The Courage to Roar

The Courage to Roar

From Chicken Soup for the Soul: Be The Best You Can Be

The Courage to Roar

The difference between school and life? In school, you’re taught a lesson and then given a test. In life, you’re given a test that teaches you a lesson.

~Tom Bodett

The details of our dreams usually vanish quickly upon awakening. But, when I was twelve years old, I had a vivid dream that branded itself in my memory forever.

In it, a tiger sunk his razor-sharp teeth into my ear. I lay there paralyzed with fear, frozen in pain. All I could do was listen to my heart boom loudly in my chest. My eyes flew open, shattering the dream, but I was certain there was a tiger under my bed. I needed proof that the big cat was really gone, so I slowly lifted the bed skirt and peered under the bed. No sign of a tiger, only an old pair of Keds tennis shoes, big, fuzzy slippers with puppy dog heads, three Teen magazines, and a few dust bunnies.

Mom called from the kitchen, “Helen, are you awake? Your breakfast is almost ready.”

“Yes, Mom. I’ll be right there.”

I got dressed in front of the full-length mirror. It proved to me every day that my butt was too big, my skin was too oily and my curly red hair defied taming. My eyes were the only good feature I had going for me. They were almond-shaped, caramel-colored with tiny, golden specks that reflected the color of my curvy lashes. When I looked closer into the mirror, I found a huge, cherry-red zit sitting on the very tip of my nose. I wanted to jump back into bed and pull the covers over my head, but I knew that Mom would still make me go to school.

I slumped down the stairs dragging my backpack, and when I walked into the kitchen, my nine-year-old brother took one look at me and said, “Hey, look! It’s Rudolph the Red-Nosed Reindeer.”

I shot him an angry glance. “Shut up, you little dork. Mom, can we trade Todd in for a dog or a cat, or even a gerbil?”

“No, we can’t,” she said. “He’s your brother, so you’re stuck with him. Todd, apologize to Helen.”

Todd gave a heavy sigh. “Okay, I’m sorry that you look like Rudolph the Red-Nosed Reindeer.”

I raised my fist in Todd’s direction and said, “You’re gonna look like vomit soup.”

Mom extended her arm like a cop stopping traffic. “That’s enough from both of you. That blemish doesn’t look so bad, Helen. I’ll put some make-up on it right after breakfast.”

I gulped my breakfast, brushed my teeth and waited for Mom to work her magic on the red balloon that sprouted from the tip of my nose. “This should do the trick,” Mom said, as she opened a bottle of cover-up and dabbed some on my nose. Todd studied my face for a moment and said, “Anyone up for mountain climbing?” I opened my mouth to protest just as Mom spotted the school bus coming down the street. She quickly coaxed us out the door saying, “Don’t worry, it’ll be fine.”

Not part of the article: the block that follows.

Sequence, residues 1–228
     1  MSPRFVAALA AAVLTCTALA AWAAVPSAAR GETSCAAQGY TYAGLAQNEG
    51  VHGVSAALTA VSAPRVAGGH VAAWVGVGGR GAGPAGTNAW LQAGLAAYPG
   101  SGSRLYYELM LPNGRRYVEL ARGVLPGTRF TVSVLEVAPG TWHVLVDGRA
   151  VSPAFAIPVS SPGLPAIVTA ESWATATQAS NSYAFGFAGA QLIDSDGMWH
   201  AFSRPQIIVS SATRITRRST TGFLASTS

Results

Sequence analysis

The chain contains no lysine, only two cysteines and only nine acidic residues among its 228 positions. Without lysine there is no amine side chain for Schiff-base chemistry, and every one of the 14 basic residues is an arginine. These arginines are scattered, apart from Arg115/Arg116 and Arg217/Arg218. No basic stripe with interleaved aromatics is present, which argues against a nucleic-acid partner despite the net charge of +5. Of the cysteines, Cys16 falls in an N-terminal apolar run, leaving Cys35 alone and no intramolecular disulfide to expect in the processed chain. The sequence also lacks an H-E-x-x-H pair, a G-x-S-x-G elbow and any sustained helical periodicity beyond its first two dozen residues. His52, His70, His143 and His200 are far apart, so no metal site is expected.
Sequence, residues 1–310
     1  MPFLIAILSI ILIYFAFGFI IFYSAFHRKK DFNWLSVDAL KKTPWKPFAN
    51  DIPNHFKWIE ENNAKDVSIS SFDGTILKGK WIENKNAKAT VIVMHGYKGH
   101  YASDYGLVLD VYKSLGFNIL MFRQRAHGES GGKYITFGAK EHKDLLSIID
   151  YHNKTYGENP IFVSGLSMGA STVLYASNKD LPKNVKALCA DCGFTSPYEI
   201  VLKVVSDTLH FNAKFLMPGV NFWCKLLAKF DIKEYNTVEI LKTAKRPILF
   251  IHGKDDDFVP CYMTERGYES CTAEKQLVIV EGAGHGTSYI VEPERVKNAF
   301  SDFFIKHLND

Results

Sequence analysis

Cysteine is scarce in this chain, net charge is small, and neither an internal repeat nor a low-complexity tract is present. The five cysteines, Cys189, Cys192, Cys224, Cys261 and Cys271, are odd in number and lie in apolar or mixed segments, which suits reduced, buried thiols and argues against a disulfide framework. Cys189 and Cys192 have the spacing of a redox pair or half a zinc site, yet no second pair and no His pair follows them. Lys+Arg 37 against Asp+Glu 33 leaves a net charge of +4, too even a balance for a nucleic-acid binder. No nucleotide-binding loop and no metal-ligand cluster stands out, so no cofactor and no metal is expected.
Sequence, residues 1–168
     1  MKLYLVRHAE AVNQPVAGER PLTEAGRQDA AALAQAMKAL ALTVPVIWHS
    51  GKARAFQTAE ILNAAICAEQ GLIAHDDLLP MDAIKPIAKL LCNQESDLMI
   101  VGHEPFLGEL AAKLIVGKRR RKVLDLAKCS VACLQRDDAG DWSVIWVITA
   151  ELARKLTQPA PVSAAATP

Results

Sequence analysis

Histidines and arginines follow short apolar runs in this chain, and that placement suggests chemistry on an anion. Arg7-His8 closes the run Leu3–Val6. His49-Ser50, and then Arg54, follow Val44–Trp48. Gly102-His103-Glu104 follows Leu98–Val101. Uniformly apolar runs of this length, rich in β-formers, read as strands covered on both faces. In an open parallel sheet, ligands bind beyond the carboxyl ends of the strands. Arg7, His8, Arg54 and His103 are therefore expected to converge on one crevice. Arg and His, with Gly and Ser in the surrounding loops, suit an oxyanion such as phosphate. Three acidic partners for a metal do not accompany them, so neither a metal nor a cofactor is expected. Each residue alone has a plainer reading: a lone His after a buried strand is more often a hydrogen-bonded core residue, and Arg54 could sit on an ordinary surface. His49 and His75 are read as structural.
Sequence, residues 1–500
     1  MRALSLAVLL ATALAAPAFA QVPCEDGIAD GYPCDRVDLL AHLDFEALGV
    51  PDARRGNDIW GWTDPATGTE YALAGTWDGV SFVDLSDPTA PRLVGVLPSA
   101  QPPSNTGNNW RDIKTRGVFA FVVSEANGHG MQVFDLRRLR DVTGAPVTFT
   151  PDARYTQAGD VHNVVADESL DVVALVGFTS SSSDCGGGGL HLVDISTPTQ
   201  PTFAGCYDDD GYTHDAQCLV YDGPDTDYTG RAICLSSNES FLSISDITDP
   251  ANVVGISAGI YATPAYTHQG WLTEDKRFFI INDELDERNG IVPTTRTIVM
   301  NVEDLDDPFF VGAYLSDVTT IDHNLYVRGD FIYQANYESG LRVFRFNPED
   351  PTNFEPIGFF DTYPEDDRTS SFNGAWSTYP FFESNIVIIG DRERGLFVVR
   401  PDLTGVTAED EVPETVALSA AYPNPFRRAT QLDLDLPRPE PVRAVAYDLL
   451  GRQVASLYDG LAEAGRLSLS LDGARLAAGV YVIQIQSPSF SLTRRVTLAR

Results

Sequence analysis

We boarded the bus and I plopped myself down on a seat near the back. I turned my face to the window, closed my eyes and thought how great it would be to rule my own world. There would be no school, no parents to tell kids what to do, no brothers, and no more pimples.

My thoughts drifted, the air became warm and heavy and my eyelids closed. My earlier dream flowed back into my thoughts, and I found myself in a jungle of tall trees.

As I picked my way through the tall grass, I had a feeling that I was not alone. I heard a growling, rumbling noise and turned to find an enormous tiger, posed in a valiant stance, gazing at me. The sunlight filtered through the trees and flickered over his majestic body. Prominent black stripes were perfectly painted over his ivory-white to reddish-orange fur. His nostrils flared in anger at my impudence in invading his habitat. He let out a mighty roar, and I started to run.

I knew that I couldn’t outrun the tiger, so I grabbed onto a golden-colored vine hanging from a tree and climbed. When I looked down in my dream, the tiger was clawing his way up the tree trunk. I could think of nothing else to do, so I opened my mouth and roared with a thunderous clap that echoed through the air. At the sound of my roar, the tiger began to shrink. I gave one last powerful blast, and the tiger shrunk down to the size of a kitten. I now felt confident enough to come down from the tree, so I swung down to where the kitten sat. I felt powerful and free.

I woke up, hearing laughter in the distance that became so loud it disturbed my thoughts. I squirmed in my seat and remembered that I was on the bus, not in a jungle.

Kids were laughing as two boys tossed Todd’s lunch bag back and forth across the aisle. Todd was getting more upset with each toss. After a couple more throws, I got up and stood in front of the boy who just caught the pass.

“Hand it over,” I said, giving him my best steely-eyed glare.

“Oh yeah?” he said. “Whaddaya gonna do if I don’t?”

“I’ll go straight to the principal and rat you out as a bully. I have lots of eyewitnesses here to support my story. You’ll probably get detention or worse.”

He paused for a moment, gave me a silly grin, and pitched me the lunch bag. “Take it. We were done anyway.”

The bus pulled up to the school, the doors opened, and kids started piling out. Todd remained in his seat with a soulful look on his face. I walked over to him, handed him his lunch and said, “Don’t worry about it, Todd. Those guys are jerks. Come on; walk with me up to the school.”

We walked together quietly for a while and then Todd said, “Hey, Helen? Did you know that you look really pretty today?”

“Sure, punk. I’m positively glowing — especially around my nose.” I gave Todd a playful push, and we both laughed.

~Helen Stein

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